Kings and queens!

St Michael School, Foundation lord over Secondary School Sports

The boys of St Michael School have finally tasted victory in the Powerade Barbados Secondary Schools Athletics Championship while Christ Church Foundation School (CCFS) have repeated as queens for a second consecutive year.

The SMS cougars, double crown champions of the Frank Blackman zone, accumulated 313 points to run away with the boys title ahead of main rivals Harrison College who tallied 259.50 points and Foundation who dropped one place to third this year with 196.50 points. Last year’s champions Burger King Lester Vaughan were fourth scoring 179.50 points and Coleridge and Parry’s 165.50 points got them fifth place.

The girls at Church Hill, Christ Church did well to retain their trophy with 332 points, former queens Scotiabank Springer Memorial were second with 259.50 points and Harrison College finished on 196.50 points for third place. The young ladies of St Michael School also did their school proud by clinching fourth position with 221.33 points, ahead of Lester Vaughan in fifth on 144 points.

The girls of Christ Church Foundation School repeated as champions of the Barbados Secondary Schools Athletics Championship for a second consecutive year.

Victrix ludorum hailed from the Alleyne School compliments a superb performance by Brieanna Boyce who took gold in the Under-13 Girls 100m, 200m, 400m and silver in the 800m for a total of 38 points which was the same total earned by Under-15 sensation and victor ludorum Aren Spencer who won the 100m hurdles, 400m, long jump and placed second in the high jump. Both Boyce and Spencer anchored their respective schools to victory in the 4x100m relays.

One record fell today and it was the race of the day when two CARIFTA champions, Rasheem Griffith of Coleridge & Parry and record-holder Rivaldo Leacock of Foundation featured in the Under-20 Boys 400m hurdles. Leacock got off to a good start in an effort to better his record-breaking time of 51.64 set in 2015 but got the surprise of his life when Griffith picked up the stagger coming around the 200m bend and closed in on Leacock and crossed the finish line ahead of him in a new time of 50.78. That battle brought the fans in the National Stadium to their feet.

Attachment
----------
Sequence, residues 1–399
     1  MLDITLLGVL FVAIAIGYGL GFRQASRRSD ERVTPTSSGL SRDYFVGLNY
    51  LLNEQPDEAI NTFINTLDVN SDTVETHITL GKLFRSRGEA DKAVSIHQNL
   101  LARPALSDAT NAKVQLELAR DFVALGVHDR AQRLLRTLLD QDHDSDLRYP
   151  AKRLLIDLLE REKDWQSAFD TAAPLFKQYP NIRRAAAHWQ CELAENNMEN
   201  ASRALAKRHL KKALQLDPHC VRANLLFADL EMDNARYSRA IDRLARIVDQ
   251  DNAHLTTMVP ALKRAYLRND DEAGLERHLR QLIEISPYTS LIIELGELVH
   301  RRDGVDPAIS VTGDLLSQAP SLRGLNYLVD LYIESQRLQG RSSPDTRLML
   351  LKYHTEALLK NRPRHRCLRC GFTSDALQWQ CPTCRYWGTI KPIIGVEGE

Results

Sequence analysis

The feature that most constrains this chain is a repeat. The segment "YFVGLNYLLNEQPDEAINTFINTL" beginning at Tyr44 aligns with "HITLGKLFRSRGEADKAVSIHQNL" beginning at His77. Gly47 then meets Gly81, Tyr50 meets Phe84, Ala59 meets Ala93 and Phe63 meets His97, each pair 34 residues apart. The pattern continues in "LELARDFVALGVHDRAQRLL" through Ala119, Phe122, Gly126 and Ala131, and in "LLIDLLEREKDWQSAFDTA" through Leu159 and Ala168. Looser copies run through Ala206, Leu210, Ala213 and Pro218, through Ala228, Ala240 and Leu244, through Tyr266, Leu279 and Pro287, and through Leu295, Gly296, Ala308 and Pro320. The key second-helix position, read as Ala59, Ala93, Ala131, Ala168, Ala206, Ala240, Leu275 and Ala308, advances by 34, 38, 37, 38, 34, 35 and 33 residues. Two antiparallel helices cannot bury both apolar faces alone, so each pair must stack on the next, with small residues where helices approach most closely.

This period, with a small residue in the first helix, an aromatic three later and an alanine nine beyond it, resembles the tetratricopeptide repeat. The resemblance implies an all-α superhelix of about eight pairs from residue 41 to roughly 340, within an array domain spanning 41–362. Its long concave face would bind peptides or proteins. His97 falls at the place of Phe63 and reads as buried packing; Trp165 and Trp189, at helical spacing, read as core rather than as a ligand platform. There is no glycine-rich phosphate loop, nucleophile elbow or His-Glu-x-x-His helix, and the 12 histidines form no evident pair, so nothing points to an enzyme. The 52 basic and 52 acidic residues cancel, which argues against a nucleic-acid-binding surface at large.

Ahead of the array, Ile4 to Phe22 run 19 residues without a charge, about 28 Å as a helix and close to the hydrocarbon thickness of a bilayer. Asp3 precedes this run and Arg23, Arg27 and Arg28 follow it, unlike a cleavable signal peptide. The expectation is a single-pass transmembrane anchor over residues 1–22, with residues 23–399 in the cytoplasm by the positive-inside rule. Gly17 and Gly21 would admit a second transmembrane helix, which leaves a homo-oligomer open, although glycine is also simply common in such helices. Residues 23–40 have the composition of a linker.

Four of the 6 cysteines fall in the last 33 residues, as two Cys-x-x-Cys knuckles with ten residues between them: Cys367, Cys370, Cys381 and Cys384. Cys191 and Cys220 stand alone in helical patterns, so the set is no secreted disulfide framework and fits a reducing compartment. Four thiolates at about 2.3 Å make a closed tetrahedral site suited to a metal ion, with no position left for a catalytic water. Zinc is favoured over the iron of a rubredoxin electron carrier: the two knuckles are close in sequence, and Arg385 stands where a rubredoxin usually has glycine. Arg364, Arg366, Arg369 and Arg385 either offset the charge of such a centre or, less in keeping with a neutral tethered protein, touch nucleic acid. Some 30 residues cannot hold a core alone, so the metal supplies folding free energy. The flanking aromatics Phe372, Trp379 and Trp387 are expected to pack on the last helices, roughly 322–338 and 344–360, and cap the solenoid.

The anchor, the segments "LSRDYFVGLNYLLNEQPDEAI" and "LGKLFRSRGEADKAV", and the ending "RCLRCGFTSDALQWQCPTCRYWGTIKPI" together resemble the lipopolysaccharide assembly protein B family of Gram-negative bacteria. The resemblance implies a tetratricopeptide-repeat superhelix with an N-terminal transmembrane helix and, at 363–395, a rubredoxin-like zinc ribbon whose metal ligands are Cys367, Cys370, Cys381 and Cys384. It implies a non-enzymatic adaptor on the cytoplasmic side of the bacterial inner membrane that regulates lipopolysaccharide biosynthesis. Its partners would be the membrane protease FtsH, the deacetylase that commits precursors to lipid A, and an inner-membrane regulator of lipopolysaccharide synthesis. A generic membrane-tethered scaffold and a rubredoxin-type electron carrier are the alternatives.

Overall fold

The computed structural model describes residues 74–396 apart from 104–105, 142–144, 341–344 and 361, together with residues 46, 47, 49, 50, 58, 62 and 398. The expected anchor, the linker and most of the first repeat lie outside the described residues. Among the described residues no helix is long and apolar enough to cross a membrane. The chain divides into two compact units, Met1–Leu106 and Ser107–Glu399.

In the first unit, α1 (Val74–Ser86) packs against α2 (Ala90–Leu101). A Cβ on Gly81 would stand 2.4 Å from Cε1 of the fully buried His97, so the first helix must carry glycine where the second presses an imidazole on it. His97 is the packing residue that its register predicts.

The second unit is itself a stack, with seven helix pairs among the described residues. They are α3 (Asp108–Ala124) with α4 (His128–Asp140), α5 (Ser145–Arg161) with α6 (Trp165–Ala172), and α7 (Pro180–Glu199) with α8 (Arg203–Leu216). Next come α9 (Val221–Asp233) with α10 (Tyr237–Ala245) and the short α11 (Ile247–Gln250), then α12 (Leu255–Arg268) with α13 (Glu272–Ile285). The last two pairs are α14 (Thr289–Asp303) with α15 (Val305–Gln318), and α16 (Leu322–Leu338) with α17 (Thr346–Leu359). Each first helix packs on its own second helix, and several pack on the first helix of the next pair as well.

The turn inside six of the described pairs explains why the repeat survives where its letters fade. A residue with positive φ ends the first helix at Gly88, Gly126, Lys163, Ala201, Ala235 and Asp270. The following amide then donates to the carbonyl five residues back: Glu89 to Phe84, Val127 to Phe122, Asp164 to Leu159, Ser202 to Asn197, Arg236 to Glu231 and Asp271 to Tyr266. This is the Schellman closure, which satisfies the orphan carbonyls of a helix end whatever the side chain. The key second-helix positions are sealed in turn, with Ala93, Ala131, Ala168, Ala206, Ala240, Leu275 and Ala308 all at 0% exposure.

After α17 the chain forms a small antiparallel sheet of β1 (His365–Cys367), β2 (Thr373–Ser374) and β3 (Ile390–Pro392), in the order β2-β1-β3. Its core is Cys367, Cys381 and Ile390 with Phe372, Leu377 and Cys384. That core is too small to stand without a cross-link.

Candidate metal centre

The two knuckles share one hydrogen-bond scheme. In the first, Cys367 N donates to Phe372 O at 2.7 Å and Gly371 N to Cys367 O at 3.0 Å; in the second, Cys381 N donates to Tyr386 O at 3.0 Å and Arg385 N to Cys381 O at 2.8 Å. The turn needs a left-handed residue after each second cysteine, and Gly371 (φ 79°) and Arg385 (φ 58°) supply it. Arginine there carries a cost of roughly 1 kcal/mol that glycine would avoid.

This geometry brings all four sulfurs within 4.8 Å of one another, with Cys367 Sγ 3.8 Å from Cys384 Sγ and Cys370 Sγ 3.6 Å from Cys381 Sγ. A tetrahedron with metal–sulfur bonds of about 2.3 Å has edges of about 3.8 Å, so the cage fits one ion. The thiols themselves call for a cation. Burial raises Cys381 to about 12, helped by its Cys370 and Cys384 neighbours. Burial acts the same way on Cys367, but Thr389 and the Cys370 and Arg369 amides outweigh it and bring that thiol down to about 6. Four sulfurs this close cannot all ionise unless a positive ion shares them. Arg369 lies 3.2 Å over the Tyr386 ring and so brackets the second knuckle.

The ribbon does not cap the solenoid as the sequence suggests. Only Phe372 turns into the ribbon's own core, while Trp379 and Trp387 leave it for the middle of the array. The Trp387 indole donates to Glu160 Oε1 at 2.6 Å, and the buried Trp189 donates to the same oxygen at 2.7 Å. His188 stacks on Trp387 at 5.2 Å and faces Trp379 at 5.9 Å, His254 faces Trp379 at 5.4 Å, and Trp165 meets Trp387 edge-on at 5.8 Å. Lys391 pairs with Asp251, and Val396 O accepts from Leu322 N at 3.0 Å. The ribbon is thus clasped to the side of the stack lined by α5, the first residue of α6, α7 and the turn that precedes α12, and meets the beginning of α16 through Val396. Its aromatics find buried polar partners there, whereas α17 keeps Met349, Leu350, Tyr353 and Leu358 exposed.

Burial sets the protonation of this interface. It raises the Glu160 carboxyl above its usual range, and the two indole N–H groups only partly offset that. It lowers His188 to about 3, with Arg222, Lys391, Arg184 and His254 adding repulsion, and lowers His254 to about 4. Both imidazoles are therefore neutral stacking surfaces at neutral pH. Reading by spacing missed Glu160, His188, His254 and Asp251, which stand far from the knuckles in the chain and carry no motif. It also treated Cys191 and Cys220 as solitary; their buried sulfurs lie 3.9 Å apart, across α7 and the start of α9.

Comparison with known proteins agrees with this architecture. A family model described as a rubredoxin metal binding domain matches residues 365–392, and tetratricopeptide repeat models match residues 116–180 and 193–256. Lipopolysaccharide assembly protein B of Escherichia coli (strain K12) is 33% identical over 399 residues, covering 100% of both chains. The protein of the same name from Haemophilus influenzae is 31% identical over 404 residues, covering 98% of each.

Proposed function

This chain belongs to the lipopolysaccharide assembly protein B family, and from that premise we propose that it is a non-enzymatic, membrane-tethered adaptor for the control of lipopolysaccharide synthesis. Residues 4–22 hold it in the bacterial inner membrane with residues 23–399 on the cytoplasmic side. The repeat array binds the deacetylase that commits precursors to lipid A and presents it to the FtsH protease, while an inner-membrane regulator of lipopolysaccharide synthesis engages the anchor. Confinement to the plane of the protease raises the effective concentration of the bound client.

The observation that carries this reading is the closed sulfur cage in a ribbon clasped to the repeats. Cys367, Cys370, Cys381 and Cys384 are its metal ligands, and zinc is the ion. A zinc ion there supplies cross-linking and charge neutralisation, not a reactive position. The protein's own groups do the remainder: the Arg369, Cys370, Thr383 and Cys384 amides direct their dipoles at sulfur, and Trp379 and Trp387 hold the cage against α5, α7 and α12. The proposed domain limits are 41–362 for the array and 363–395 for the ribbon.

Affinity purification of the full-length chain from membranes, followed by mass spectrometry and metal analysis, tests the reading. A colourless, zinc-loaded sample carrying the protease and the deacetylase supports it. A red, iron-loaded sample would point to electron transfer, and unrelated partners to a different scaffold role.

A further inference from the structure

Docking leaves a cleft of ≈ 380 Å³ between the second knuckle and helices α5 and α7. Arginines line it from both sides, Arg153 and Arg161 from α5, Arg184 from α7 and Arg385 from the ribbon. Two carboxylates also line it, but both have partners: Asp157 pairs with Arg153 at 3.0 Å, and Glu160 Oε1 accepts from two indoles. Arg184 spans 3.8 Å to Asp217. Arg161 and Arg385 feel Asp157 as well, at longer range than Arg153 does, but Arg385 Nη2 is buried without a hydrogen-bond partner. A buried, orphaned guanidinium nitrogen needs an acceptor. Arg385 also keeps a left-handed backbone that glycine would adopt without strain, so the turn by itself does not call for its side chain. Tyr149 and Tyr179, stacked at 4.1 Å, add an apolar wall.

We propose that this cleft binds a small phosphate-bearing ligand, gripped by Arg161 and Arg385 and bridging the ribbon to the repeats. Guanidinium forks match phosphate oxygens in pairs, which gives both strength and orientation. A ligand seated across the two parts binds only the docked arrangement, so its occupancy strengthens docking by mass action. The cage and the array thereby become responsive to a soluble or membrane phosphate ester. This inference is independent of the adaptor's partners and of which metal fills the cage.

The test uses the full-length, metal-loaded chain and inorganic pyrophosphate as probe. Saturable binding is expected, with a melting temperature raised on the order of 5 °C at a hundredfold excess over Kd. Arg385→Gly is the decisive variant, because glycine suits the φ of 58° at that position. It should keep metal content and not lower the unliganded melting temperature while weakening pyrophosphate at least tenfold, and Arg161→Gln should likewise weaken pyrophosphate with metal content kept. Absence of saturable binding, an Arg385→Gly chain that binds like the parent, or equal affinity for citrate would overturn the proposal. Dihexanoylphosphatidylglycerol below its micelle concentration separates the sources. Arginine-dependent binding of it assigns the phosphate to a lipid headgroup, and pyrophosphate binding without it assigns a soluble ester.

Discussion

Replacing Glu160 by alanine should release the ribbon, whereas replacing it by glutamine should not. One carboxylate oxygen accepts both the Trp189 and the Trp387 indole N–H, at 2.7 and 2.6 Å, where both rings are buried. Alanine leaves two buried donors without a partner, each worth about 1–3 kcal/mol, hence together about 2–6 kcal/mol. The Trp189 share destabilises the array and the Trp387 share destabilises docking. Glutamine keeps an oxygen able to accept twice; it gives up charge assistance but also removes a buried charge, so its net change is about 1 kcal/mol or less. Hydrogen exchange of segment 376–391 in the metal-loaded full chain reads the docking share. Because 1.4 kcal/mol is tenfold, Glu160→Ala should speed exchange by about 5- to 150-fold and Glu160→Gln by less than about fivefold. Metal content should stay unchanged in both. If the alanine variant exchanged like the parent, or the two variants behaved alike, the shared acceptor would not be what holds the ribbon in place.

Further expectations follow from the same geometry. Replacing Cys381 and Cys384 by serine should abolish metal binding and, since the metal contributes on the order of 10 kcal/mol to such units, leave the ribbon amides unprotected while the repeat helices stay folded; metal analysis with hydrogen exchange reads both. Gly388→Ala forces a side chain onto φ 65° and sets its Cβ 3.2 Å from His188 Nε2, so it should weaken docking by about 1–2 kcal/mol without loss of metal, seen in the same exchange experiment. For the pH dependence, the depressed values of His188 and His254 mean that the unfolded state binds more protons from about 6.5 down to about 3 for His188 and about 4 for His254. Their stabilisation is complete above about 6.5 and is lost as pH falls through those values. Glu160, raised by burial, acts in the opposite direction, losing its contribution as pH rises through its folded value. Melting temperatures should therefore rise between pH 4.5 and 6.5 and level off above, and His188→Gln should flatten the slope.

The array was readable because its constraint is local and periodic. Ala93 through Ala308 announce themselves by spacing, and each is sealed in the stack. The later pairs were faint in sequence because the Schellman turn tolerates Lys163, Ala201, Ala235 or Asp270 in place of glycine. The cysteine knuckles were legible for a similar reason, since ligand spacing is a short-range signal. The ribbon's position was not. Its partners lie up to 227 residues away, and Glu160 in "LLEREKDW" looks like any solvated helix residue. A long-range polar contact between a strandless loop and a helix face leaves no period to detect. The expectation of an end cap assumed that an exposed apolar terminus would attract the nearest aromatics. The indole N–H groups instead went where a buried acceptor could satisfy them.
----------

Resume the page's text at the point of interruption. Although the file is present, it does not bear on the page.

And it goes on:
St Michael School has the fastest Under-17 and Under-20 200m champions in Barbados. Under the starter’s order, Darian Clarke was off like a bullet and was first to stop the clock in 21.44. Matthew Clarke completed the Under-20 Boys sprint double with a season best of 21.19 and will be looking to improve his bronze medal from last year at CARIFTA. Hannah Connell of Foundation was made to run from start to finish in the Under-20 Girls 200m after receiving a strong challenge from Jaria Hoyte as the two ran 24.76 and 24.99 respectively.

Talk about pace, Akayla Morris of Harrison College in the Under-17 Girls 200m ran a time of 24.58 which was even faster than Connell’s.

After a disappointing exit yesterday from the Under-20 Boys 400m for false starting, Jonathan Jones ran 12 and a half gruelling laps to win the Boys 5000m in 17:28.00, which was the first race of the day. Jones picked up his second gold of the day by dismissing the Under-20 800m field in a commanding time of 1:52.08. Charissa Moore of Harrison College also took top honours in the Under-17 Girls 800m in a time of 2:19.22 after leading from start to finish.

Winning the Under-15 400m was Harrison College’s Aren Spencer (53.25) and Vasia Boyce of Queen’s College with a determined run of 57.90 but she fell just short of the 57.41 record. The Under-13 Boys 400m went to Khimani Cox of Coleridge and Parry who clocked 60.20.

Foundation added another ten points to their tally when Tiana Bowen (61.04) won the Under-20 Girls 400m hurdles and staved off Shonita Brome of Alexandra (61.76) in second position.

Rhea Hoyte of St Michael School clocked 44.83 seconds in the Under-17 300m hurdles to get the better of Foundation’s Sarah Belle who was timed at 46.39. Haile Emmanual-Turney of The Lodge School had the endurance to win the Under-15 Boys 300m in 43.26. Anika Blackman of Princess Margaret ran 29 seconds in the 200m hurdles to prove herself a cut above the rest.

Kyle Gale of the St Michael School continued his fine form by winning the Under-17 400m hurdles, as he stopped the clock at 56.11 seconds.

Coleridge and Parry’s Tafari Bishop was the only athlete in the Under-17 Boys 800m to run under two minutes with a time of 1:59.75. Meanwhile, Mary Fraser (2:15.78) earned herself another easy win in the Under-20 ladies 800m race to bring her tally to three at BSSAC after winning the 1500m and 3000m open yesterday.